Peter Moore remarked that "The majority of customers who own Xbox 360 consoles have had a terrific experience from their first day, and continue to, day in and day out." He was also humble enough to admit that "Some of you have expressed frustration with the customer experiences you have had with Xbox 360; frustration with having to return your console for service after receiving the general hardware error message on the console."

As a result, Microsoft is extending warranties of Xbox 360s afflicted with the RROD to three years from the date of purchase. The company will also retroactively reimburse repair costs for anyone that sent in their Xbox 360 for the RROD.

"In doing so, Microsoft stands behind its products and takes responsibility to ensure that every Xbox 360 console owner continues to have a fantastic gaming experience," said Moore. "If we have let any of you down in the experience you have had with your Xbox 360, we sincerely apologize. We are taking responsibility and are making these changes to ensure that every Xbox 360 owner continues to have a great experience."

Microsoft’s generosity is commendable, but until the actual cause of the problem is identified and taken care of, this may all be for naught.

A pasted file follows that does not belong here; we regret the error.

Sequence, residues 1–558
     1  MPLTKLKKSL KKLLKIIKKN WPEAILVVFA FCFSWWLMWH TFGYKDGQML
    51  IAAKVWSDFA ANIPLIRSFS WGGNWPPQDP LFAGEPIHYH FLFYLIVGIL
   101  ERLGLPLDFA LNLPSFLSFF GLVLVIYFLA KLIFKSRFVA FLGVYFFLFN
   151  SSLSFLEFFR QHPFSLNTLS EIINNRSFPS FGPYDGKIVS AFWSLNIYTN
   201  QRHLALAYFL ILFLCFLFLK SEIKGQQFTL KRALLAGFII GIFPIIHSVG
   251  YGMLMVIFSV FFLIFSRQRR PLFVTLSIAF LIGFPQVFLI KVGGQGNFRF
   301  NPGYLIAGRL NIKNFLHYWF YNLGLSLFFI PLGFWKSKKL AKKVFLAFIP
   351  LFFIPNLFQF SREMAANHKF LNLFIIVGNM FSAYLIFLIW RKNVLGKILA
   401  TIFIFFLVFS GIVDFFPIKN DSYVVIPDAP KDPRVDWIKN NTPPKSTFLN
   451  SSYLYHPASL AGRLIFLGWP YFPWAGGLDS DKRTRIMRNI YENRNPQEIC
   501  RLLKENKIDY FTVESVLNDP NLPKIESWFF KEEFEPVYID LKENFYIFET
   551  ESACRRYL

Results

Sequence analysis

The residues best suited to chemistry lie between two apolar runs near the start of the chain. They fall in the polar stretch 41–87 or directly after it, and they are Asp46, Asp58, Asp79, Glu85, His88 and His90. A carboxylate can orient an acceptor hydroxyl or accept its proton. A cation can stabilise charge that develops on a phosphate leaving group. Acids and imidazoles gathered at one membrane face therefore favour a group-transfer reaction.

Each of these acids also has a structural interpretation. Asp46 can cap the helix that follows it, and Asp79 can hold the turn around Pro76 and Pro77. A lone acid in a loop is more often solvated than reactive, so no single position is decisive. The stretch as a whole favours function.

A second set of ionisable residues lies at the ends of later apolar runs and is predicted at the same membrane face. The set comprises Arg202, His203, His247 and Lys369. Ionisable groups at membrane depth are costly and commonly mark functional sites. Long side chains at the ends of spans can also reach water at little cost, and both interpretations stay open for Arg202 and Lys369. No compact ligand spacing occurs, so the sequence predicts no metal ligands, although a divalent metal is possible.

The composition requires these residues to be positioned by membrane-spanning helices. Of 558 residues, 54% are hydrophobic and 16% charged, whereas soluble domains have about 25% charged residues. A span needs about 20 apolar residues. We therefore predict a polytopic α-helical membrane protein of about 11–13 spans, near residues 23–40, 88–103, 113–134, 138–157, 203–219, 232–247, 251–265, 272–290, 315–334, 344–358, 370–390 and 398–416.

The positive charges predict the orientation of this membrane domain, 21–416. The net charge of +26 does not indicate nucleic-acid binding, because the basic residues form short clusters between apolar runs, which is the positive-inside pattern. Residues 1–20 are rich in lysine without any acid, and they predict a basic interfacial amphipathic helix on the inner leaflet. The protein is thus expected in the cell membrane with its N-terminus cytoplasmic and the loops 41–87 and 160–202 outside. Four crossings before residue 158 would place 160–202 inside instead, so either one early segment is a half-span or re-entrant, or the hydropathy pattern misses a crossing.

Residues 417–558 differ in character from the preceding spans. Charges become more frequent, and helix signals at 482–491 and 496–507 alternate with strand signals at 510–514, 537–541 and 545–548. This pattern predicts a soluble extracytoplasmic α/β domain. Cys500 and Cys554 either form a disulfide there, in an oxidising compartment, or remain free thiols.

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This article is over a month old, voting and posting comments is disabled

By KristopherKubicki (blog) on 7/6/2007 3:15:45 AM , Rating: 2
Very good post, and I remember it well.

At the time, there was a lot of concern about the thermal conductivity from the CPU to the HSF -- that was overplayed but eventually Microsoft changed that aspect of the cooling.

I think if you follow all the Xbox 360 criticism, almost every issued raised with the thermal issues received some kind of response -- eventually. Most people assumed the 65nm CPU shrink would address these issues, but here we are almost 2 years later without the shrink.

I really wouldn't be surprised if the shrink comes soon. Microsoft won't keep replacing the existing units with ones that will fail again in 2 years, and everything would indicate the technology is ready now.


By EndPCNoise on 7/6/2007 3:54:50 AM , Rating: 6